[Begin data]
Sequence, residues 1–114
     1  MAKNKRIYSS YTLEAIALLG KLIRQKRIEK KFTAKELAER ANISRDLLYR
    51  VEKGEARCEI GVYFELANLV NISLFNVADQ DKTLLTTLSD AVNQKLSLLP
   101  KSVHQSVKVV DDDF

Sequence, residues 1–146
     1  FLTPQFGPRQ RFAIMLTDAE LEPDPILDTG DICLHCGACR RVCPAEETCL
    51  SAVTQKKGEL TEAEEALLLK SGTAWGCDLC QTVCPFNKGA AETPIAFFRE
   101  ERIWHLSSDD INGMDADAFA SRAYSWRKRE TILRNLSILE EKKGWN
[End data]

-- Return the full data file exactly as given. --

Sequence, residues 1–114
     1  MAKNKRIYSS YTLEAIALLG KLIRQKRIEK KFTAKELAER ANISRDLLYR
    51  VEKGEARCEI GVYFELANLV NISLFNVADQ DKTLLTTLSD AVNQKLSLLP
   101  KSVHQSVKVV DDDF

Sequence, residues 1–146
     1  FLTPQFGPRQ RFAIMLTDAE LEPDPILDTG DICLHCGACR RVCPAEETCL
    51  SAVTQKKGEL TEAEEALLLK SGTAWGCDLC QTVCPFNKGA AETPIAFFRE
   101  ERIWHLSSDD INGMDADAFA SRAYSWRKRE TILRNLSILE EKKGWN